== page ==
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In one of, I believe it was John Grishams, books his character flick off the safety on his revolver. Seems he was working on the story on a train, got to the gun part and wondered if revolvers had a safety, just than a  transit cop walked by so he asked him, he showed him that his did. Turns out this transit authority special ordered revolvers with safeties from S&W.

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35 minutes ago, Crazy Gun Barney, SASS #2428 said:

Looks like a Belgian Bulldog...

image.png.26901c90013a9a619a52137451a0da7d.png

 

Not that one... this one!  :rolleyes:

 

Wouldn't that be an interesting piece to have on your CCW?  ^_^

 

img_3953.jpg_thumbnail1.jpg

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1 hour ago, Alpo said:

 

 

img_3953.jpg_thumbnail1.jpg

 

Pictured pistol is a Velo-Dog chambered in 5.5 Center Fire. Notice how thick the rims on those cartridges are.

 

Size comparison.

1000447413_5dot5CF.thumb.jpg.b28bb04537eff6a7e5f2a4c7ae589ad9.jpg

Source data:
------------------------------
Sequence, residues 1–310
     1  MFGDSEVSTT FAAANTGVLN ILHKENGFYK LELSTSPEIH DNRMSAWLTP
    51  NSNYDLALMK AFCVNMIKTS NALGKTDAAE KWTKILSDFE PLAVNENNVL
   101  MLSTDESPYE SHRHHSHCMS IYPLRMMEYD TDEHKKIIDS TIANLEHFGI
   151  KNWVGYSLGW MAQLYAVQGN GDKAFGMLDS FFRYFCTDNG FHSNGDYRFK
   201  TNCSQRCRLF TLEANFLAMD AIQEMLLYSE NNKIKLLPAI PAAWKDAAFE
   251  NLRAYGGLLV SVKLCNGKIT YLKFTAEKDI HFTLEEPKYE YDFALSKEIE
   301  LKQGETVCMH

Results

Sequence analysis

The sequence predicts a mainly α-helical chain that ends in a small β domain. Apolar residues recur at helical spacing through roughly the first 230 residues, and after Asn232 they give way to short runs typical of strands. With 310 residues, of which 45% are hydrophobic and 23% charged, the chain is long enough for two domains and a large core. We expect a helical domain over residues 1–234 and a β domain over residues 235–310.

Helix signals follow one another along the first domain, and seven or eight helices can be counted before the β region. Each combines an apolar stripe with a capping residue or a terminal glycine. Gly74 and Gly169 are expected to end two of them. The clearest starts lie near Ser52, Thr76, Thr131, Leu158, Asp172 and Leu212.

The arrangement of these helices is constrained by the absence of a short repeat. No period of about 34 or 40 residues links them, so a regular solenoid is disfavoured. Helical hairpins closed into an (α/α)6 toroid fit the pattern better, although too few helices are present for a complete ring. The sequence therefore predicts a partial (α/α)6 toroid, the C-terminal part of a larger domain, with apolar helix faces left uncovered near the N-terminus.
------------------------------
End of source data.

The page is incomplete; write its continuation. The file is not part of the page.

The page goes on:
The cartridge looks big because the revolver is really small.

 

VeloDog2.png.d8ca004172ff6cf2c2e79be59db14711.png

 

VeloDog.png.3e375119d5b9a086b7a8dc5bf5ebb37f.png

 

 

Lots of really cool history on Velo-Dogs at this website

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4 hours ago, Ozark Huckleberry said:

Well, there you go Alpo. 

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3 hours ago, DocWard said:

 

You just wanted a reason to post that picture

Now I will have to spend the rest of the summer trying to forget that picture. 

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2 hours ago, Sedalia Dave said:

1000447413_5dot5CF.thumb.jpg.b28bb04537eff6a7e5f2a4c7ae589ad9.jpg

 

The cartridge looks big because the revolver is really small

On another computer I have a PDF file of a Guns Magazine article where Charles Askins had a Colt Woodsman Target automatic converted to centerfire to use the velo dog.

 

I went to Guns Magazine's website to see if I can link that, but they apparently no longer have back issues on their site.

 

In this article, however, Skeeter tells about it.

 

http://www.darkcanyon.net/The_Legend_Of_Charley_Askins.htm

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30 minutes ago, Abilene Slim SASS 81783 said:

Go on, I dare ya to watch this trailer!

 

 

 

I refuse to succumb to peer pressure.